Perusing Johnson's campaign website yielded no answers to these questions. As such, I can't endorse Johnson for governor until he clarifies his positions on these critical issues. So Johnson, try as you did, I can't give you my vote tomorrow.

Tuesday, July 13, 2010

A Rulebook double

Two sports-related thoughts and then, I promise, I'll move on to something else, unless something else sports related catches my eye. But I promise, a non-sports blog at some point in the near future.

LeBronapalooza II: Electric Boogaloo

Roughly 10 million people tuned in last Thursday night to watch a one-hour televised special entitled 'The Decision' in which LeBron James, announced his decision as to where he would be playing basketball next year. Living in Wilmington, NC, I was hoping he would shock the world (or at least the 10 million people - myself included) and select the Wilmington SeaDawgs, a semipro basketball team that went 15-5 last year. I can't help but think James could have elevated the team to an 18-2 record. I'm guess he'd also help out the attendance figures in the league. But apparently the fame and fortune and allure of playing in South Beach was more than a small, coastal NC city could offer.

Reaction to his decision was swift, from the burning of James' jerseys (dude, they are expensive enough to begin with, and in 20 years they'll be a throwback jersey that'll be worth three to four times what you paid for it) to the owner of James' former team, the Cleveland Cavaliers, posting an incoherent rant on the team's website, using the font we all use when we're serious, comic sans. So rambling was the letter that ESPN had to call the Cleveland PR office to confirm that it wasn't a hoax. (oddly, it seems that all of Cleveland's owner's statements are in comic sans. Apparently no one on the Cavaliers' staff can talk any sense into the team's owner.) Billy Madison's speech at the end of that movie made more sense than that letter did.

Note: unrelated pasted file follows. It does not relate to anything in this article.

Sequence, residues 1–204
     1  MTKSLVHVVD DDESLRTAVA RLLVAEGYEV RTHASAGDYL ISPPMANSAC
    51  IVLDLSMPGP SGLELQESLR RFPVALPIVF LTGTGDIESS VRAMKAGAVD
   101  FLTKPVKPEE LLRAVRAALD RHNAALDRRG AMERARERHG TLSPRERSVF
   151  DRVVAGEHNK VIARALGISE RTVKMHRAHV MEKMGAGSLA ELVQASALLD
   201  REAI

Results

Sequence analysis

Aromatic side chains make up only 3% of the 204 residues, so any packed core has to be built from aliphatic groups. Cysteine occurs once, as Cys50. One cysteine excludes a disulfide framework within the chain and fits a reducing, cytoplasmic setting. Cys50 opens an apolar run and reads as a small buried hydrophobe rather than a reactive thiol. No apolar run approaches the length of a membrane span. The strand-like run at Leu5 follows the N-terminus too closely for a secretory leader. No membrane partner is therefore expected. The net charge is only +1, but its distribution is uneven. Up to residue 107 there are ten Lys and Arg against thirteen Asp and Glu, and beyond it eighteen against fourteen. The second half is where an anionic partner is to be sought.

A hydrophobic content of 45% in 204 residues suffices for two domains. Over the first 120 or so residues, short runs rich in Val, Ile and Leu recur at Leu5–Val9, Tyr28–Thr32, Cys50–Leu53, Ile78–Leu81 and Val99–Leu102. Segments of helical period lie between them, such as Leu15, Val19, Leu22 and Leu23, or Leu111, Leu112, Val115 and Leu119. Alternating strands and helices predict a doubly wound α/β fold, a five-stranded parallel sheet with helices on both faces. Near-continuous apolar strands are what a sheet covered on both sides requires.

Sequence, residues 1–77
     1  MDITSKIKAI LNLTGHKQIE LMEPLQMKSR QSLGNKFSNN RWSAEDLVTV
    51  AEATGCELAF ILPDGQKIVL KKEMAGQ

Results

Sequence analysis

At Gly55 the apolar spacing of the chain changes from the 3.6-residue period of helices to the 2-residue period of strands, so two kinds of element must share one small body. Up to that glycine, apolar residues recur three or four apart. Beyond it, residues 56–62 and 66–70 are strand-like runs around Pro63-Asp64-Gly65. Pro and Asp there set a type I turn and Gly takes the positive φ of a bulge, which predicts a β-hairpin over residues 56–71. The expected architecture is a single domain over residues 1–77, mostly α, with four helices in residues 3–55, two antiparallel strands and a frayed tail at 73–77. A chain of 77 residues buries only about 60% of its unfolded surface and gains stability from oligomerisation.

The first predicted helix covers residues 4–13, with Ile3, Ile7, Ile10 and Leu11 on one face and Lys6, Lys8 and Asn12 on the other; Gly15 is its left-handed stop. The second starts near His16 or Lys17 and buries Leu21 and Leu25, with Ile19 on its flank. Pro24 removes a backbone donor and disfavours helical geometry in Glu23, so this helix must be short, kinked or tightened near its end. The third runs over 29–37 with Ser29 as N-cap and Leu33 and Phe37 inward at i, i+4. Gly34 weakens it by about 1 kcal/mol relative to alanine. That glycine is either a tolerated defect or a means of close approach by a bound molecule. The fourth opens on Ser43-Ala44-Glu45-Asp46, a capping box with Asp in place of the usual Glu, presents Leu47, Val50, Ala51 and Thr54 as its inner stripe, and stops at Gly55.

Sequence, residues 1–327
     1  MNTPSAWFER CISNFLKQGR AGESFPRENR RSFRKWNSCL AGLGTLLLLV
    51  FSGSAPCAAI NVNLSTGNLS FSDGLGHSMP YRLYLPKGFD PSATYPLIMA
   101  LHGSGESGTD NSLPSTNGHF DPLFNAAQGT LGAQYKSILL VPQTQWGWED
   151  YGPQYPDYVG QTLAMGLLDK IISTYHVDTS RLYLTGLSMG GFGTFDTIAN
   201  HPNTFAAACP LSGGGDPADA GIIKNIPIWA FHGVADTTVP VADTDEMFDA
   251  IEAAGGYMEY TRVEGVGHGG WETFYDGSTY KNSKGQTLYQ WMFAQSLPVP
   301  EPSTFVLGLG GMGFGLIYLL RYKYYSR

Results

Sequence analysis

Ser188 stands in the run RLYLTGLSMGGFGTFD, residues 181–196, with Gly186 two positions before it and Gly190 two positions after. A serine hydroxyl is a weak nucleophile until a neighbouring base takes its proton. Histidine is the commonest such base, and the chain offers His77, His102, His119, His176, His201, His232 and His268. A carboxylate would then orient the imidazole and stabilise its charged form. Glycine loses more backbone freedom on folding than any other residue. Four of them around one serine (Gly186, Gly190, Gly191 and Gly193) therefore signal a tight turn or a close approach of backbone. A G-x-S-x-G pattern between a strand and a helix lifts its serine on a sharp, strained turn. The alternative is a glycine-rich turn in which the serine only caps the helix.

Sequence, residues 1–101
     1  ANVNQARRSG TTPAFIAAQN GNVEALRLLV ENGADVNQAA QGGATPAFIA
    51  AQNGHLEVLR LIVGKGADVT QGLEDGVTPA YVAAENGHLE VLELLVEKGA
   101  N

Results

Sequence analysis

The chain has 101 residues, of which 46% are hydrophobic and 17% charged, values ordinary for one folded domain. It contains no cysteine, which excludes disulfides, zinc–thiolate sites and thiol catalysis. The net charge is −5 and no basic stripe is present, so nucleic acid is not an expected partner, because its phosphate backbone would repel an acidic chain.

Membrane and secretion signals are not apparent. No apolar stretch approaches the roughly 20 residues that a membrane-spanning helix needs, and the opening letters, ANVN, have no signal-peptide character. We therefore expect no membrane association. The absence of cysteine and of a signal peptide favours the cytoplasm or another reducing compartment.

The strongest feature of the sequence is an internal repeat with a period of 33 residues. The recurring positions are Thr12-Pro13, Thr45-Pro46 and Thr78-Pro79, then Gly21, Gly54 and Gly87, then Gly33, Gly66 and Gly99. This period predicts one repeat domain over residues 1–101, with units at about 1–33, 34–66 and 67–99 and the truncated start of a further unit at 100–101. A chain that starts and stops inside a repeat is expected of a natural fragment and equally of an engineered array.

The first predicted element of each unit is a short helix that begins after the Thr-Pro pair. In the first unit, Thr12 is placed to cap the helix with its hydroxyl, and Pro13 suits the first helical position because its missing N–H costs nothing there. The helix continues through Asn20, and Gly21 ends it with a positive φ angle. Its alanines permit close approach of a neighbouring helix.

Even though proceeds from the show went to the Boys and Girls Club, that wasn't enough to offset the the backlash directed at James. Most of the (inescapable) media coverage is focused on James' decision to leave his hometown (ok, Akron, OH is his hometown, but it's close enough for purposes of this blog. If you wanted accuracy, you wouldn't be looking here, would you?) However, what most fans seem to get is that the anger isn't directed at his decision, but how he went about announcing his decision. Had he simply called the Cleveland owner, told him he was going to Miami and then issued a statement or held a press conference, no one outside of Ohio would really care. It'd just be another athlete changing teams.

But instead, he decided to break up with Cleveland on a nationally televised media spectacle. It was akin to, instead of proposing to your girlfriend on the jumbotron, you had your wife served with divorce papers on the jumbotron. Divorce, while unfortunate, happens every day. But if you make a giant show about it and go through the effort to embarrass your former spouse in front of as many people as possible, don't act shocked when people consider you a douchebag for doing so.